As above, OTTO is meant to be used on an electric range or gas range - starting from cold on an electric element set to high or gas (provided the outer ring of a gas range does not bleed flame over the outer edges of OTTO.
As Craig Hiron said in a recent interview, "I have 2 completely separate gas elements at home that both work as well as my electric elements for OTTO. Absolutely, no separation, no kidding. I do recommend use on gas burners... as long as the flame is smaller than the diameter of OTTOs base. A small gas hob on a high setting is ideal. Agreed, using gas can be more fickle than electricity however there is no reason that the performance shouldn't match electricity with the right burner top. Remember, both the video shoots were done with gas. Of particular note, the second video with spectacular crema and milk texture."
And why do we fire OTTO from cold? Why, you ask, can you not put hot water in OTTO and get to the espresso more quickly?
Well, OTTO is a good example of a "Sum of its parts and design" device - Form, function and art all in one package.
It is critical that OTTO be flashed from cold because everything needs to heat up properly. OTTO is 12 pounds of metal - and that metal is integral to the coffee brewing process - especially where the thermodynamics of it is concerned. As I discovered during experimentation, trying to bypass part of the process is like trying to achieve warp speed without warming up the matter-anti-matter mix in the Jeffries tubes. (Yes, I know that the Jeffries tubes have nothing to do with warp speed!)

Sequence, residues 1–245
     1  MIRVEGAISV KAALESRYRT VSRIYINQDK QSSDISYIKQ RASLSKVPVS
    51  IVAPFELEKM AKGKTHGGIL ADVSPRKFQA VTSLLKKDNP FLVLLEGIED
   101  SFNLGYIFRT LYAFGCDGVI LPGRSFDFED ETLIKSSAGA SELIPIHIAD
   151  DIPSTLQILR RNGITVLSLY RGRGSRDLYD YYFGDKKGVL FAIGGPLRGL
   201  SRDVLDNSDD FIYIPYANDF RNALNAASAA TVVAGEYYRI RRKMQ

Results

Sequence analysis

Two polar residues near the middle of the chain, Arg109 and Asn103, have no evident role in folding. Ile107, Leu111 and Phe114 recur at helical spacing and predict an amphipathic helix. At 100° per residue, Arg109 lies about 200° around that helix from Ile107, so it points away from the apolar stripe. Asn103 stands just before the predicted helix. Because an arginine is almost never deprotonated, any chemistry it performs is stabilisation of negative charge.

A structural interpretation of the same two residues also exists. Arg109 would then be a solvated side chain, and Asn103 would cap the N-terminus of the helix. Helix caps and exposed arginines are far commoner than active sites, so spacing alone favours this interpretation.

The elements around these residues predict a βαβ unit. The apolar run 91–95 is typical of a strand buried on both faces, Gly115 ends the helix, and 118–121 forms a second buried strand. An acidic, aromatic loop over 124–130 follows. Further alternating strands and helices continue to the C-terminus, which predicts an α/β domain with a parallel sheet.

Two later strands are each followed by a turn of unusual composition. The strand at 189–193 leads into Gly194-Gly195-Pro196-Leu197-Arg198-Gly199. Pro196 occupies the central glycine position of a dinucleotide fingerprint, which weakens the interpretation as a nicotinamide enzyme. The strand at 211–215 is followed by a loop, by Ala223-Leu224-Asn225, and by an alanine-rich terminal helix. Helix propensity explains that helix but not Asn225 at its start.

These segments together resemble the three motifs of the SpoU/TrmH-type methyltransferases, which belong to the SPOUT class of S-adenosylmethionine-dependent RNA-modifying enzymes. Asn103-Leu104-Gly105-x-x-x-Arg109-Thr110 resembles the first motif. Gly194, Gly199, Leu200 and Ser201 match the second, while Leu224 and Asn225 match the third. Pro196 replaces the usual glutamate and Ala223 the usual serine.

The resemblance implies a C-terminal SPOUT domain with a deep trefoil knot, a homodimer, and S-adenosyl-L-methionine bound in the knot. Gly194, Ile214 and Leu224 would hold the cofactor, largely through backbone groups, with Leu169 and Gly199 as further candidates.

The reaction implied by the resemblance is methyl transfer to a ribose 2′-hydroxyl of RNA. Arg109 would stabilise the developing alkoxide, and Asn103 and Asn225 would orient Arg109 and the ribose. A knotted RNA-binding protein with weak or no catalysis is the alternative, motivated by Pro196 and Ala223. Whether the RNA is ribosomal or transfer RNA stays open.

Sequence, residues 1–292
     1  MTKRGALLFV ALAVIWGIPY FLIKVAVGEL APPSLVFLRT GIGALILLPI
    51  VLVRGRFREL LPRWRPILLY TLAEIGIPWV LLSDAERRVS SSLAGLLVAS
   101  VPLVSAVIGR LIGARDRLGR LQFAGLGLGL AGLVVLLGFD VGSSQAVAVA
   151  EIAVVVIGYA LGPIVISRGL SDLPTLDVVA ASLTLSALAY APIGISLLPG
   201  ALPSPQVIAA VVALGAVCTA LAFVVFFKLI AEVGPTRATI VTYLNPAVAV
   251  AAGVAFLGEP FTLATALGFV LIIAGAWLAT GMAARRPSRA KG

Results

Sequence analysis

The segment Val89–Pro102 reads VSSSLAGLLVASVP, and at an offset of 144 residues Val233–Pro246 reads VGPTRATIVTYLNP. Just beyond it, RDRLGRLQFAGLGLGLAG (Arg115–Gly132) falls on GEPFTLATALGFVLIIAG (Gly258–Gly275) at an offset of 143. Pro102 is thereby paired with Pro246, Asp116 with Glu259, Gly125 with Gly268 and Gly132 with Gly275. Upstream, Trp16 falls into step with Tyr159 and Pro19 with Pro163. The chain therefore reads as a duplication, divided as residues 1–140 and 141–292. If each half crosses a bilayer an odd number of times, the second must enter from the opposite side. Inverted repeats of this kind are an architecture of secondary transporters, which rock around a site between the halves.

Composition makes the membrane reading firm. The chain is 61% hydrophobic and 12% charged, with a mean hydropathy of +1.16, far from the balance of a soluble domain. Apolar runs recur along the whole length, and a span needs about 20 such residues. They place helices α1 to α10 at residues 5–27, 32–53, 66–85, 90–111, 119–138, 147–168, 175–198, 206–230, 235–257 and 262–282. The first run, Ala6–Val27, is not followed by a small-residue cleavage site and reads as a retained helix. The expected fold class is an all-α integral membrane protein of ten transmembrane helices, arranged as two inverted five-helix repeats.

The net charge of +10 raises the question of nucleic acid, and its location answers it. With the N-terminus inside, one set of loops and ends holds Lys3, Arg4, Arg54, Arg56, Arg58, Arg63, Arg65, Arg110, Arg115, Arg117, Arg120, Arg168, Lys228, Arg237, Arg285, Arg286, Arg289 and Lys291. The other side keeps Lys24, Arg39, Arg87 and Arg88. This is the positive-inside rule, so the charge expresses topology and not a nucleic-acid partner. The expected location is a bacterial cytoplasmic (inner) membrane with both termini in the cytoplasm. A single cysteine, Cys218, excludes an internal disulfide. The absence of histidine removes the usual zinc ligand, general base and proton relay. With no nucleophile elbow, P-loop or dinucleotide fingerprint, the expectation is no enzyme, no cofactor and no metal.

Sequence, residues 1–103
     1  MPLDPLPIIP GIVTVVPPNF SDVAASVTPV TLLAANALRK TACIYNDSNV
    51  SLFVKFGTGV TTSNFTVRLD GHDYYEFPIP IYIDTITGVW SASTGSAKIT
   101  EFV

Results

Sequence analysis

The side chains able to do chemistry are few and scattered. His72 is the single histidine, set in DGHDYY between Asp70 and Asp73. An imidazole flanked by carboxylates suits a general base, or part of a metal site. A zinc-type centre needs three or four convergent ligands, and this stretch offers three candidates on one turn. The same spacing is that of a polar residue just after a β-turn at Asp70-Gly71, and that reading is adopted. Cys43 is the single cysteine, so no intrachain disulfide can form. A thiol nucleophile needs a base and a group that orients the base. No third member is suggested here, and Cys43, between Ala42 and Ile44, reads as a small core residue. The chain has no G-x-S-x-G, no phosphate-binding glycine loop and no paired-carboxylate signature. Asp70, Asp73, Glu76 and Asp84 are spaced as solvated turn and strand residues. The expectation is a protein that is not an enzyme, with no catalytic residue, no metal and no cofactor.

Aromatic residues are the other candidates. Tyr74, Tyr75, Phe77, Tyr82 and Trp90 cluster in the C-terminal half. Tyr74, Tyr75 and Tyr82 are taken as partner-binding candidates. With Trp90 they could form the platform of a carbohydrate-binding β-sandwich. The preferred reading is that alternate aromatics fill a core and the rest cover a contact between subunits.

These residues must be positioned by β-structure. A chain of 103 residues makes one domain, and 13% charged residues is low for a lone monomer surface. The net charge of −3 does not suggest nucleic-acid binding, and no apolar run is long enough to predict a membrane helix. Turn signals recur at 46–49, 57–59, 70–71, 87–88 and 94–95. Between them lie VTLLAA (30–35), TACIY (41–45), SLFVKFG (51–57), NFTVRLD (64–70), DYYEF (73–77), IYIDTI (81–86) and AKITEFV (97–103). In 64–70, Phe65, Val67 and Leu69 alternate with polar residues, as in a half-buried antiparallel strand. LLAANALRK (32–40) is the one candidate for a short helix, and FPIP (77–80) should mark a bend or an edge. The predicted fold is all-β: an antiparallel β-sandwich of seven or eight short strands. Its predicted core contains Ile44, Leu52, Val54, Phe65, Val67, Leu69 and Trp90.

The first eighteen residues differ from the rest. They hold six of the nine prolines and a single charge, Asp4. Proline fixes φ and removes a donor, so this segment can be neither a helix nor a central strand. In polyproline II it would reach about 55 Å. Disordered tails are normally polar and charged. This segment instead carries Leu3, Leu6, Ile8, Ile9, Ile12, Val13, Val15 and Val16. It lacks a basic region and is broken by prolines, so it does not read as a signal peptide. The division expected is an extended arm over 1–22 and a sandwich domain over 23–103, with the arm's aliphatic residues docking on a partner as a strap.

Jump starting OTTO is like starting your car and trying to go 100 mph within 10 seconds of... well, starting your car. Results vary.
Can a steam powered coffee maker make espresso? This has always been my first question when considering the dynamics of this design. True espresso requires 9 to 12 Bar to extract that awesome essence we call espresso. But what about below 9 Bar? What is happening down there? We know that traditional Italian stove top coffee makers (and steam powered home faux espresso machines) produce coffee with a bit of a punch - but it is literally not espresso... It is coffee. These machines brew a coffee beverage with little more than 1 Bar of brew pressure (probably somewhere between 1.1 and 1.5 Bar - maybe a skoosh higher). So what of OTTO?
The makers of OTTO claim that this delicious little brewer clocks in at just over 3 Bar. It brews the coffee without scalding the coffee - which is the everpresent fear when you are stove-topping it or using one of those electric bargain-basement things made by the million in some Chinese factory -
Well. What I discovered (while following the directions to the letter) is that OTTO brews about 2 fluid ounces (a double shot) of the most intense stove top coffee I have ever tasted. Is it traditional stove top espresso? No. Is it actual espresso espresso?
Not quite. But pretty darn close.
Let's just say that it is way close to real espresso than it is to the trad Italian stove brew - and OTTO does this with no moving parts and only an electric range top! Astounding? Yes. Why? Because OTTO is breaking entirely new ground - entering a Universe of coffee maker that (to the best of my knowledge) has never been explored.
Which makes it fun being one of the first North American coffee specialists to try OTTO!
Colin Newell lives and works in Victoria B.C. Canada and takes great pride in writing meaninful and heartfelt prose about the World of specialty coffee and cafe culture...